On the Effects of Last Rites

In my work as a chaplain I have been at many dying beds. I find it notable that people don’t want to call the pastor unless their Family member is really dying. Maybe they think that when the pastor’s been there, there’s no way back. You could take that as a superstition. But there’s some evidence that they may be right. I’ve seen people survive when the medical staff said they would die in the next few hours. I’ve seen one person survive for three days after the doctor told the relatives that according to brain death diagnostics the patient is already dead. I have not seen a single person survive after the pastor was there for a last prayer. I remember saying to a colleague: “I’ve always got a bad conscience. I feel as if I’m killing these people with my prayers. They all die within hours after I’ve been there.” He replied: “Oh, you as well?”
I remember being at a dying bed of an old woman. She was in coma, had an oxigene mask but still had trouble breating. There were about eight relatives around her bed, a tight-knit family clan. I spoke with them and I did a little ceremony. When I spoke the Lord’s prayer everyone spoke it with me real loud. It was quite a powerful experience. After I left the room one of the relatives said to me: “Did you see? When you came her heart rate was at 90 but during the Lord’s prayer it was at 140.” The nurse said: “It can take hours or days, we don’t know.” I remember answering: “It’s a strange thing. Mostly people die within hours after these prayers.” She left that uncommented. 15 min later I got a phone call that the lady had died and the relatives wanted to see me once again. The same nurse opened the door. “I had to think of your words”, she said.

La flor en la isla

En una pequeña isla en medio del océano extenso crecía una hermosa flor amarilla de oro. Nadie sabía cómo había llegado allí, porque en esta isla no había ninguna flor aparte de ella. Las gaviotas venían volando para contemplar este milagro con asombro. “Es linda como el sol”, decían. Los peces venían nadando. Levantaban las cabezas encima del agua para admirarla. “Es linda como un coral”, decían. Un cangrejo salió a la tierra para mirarla. “Es linda como una perla en el suelo del mar”, dijo. Y todos venían casi cada día para admirar esta flor.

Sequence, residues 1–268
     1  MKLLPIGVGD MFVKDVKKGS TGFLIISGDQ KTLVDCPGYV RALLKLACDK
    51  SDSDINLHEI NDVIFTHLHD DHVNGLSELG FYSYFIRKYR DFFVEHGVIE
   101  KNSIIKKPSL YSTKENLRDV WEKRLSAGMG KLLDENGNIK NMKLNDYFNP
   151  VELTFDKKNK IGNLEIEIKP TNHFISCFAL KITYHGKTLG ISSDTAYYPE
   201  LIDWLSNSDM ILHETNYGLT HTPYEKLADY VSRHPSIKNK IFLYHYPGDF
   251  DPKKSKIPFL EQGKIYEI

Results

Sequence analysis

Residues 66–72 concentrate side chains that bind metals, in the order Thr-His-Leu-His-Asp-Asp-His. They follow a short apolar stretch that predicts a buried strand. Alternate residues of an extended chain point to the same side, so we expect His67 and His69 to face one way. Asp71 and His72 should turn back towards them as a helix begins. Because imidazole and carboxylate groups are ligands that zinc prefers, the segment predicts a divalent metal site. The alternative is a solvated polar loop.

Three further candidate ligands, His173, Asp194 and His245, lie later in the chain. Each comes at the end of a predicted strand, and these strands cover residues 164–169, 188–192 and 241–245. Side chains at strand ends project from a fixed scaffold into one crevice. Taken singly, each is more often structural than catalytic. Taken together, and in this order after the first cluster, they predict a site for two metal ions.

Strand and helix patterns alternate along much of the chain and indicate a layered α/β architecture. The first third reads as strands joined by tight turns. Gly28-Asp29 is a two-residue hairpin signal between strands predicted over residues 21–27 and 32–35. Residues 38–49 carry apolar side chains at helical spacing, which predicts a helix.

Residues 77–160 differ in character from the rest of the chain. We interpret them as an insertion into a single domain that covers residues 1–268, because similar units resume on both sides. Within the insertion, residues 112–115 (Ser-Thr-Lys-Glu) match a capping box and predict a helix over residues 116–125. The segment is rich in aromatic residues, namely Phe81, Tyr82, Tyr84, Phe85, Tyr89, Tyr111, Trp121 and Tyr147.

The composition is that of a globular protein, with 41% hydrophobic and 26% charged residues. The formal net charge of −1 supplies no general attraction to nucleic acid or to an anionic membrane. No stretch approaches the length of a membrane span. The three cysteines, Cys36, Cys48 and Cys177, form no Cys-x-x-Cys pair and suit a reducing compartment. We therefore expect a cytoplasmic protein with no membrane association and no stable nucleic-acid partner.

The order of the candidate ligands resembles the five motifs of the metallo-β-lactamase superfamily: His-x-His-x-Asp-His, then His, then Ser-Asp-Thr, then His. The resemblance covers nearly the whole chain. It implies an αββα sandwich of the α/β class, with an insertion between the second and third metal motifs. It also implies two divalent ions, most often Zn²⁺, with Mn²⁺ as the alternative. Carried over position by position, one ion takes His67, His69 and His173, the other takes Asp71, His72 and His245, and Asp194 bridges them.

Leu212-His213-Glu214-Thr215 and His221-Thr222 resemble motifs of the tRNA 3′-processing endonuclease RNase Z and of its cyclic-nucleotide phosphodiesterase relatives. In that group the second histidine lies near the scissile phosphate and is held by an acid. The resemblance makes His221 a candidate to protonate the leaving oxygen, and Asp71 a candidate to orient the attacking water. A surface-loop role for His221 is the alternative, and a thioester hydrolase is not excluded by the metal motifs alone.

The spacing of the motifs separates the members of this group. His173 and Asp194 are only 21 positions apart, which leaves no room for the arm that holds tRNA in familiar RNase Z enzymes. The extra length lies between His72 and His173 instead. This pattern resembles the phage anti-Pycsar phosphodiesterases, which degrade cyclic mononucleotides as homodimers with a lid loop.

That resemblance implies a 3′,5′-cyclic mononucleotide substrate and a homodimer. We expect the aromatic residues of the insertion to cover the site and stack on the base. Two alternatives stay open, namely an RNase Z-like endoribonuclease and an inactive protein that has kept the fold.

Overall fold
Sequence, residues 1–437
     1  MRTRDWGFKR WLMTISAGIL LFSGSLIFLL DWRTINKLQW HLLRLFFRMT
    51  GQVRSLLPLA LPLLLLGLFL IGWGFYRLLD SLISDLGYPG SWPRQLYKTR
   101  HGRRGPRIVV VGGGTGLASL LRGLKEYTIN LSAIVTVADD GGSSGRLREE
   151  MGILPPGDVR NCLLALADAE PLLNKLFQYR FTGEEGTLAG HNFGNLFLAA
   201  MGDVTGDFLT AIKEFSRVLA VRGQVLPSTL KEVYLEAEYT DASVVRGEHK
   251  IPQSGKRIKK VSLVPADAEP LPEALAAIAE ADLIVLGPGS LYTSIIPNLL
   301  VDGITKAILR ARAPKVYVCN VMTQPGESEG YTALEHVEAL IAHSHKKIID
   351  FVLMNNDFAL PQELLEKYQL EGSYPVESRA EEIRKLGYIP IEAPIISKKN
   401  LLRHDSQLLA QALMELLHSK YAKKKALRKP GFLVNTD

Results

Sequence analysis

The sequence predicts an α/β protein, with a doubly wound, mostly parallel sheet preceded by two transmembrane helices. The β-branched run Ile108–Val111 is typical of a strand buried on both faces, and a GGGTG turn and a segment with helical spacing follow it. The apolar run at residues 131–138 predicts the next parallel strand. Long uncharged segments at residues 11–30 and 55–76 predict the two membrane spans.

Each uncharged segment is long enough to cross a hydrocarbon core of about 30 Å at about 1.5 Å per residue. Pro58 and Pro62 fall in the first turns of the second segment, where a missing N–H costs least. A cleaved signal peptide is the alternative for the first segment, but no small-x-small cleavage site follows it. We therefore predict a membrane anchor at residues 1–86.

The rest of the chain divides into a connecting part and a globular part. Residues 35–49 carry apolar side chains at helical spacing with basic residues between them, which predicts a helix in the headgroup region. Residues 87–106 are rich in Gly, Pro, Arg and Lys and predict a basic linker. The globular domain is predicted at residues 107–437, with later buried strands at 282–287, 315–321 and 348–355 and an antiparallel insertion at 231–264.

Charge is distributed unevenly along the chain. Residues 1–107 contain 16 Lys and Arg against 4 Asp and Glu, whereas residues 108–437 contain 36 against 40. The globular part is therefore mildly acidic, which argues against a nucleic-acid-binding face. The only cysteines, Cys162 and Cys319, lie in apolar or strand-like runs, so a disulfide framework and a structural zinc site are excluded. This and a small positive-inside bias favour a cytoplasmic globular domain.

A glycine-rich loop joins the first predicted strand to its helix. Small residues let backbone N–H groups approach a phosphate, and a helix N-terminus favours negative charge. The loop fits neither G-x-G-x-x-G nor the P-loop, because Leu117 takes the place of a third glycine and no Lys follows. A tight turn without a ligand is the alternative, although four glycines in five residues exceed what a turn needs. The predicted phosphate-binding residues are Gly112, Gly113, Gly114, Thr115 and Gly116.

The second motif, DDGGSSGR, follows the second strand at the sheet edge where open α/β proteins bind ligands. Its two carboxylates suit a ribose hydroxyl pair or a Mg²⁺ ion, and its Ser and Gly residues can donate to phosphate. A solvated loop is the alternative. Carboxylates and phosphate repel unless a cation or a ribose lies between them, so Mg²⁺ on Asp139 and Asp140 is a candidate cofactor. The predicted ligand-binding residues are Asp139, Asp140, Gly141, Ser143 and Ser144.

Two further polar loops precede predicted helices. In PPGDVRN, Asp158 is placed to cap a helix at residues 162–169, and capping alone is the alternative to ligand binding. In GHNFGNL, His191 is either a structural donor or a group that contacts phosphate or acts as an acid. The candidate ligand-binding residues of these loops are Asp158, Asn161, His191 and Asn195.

Un día, cuando volvieron para contemplar la flor, se encontraron con que los pétalos dorados de la flor se habían vuelto marones y secos. “Ay de nosotros”, dijeron las gaviotas, los peces y el cangrejo. “El sol quemó nuestra flor. ¿Quién ahora nos refrescará el corazón?”. Y todos se pusieron tristes.

Pero algunos días más tarde apareció en lugar de la flor una maravillosa bola de color blanco tierno. “¿Qué es eso?”, preguntaron los animales. “Es tan blando como una nube”, dijeron las gaviotas. “Es tan ligero como la espuma de las olas”, dijeron los peces. “Es tan fino como el resplandor del sol en la arena”, dijo el cangrejo. Y todos los animales se alegraron.

En este momento un golpe de viento barrió la isla y sopló este milagro blanco dispersándolo por ella en miles de copos. “Ay de nosotros”, hablaron las gaviotas, los peces y el cangrejo. “El viento ha dispersado nuestra bola. ¿Qué alegrará nuestro ánimo ahora?” Y todos estaban tristes entonces.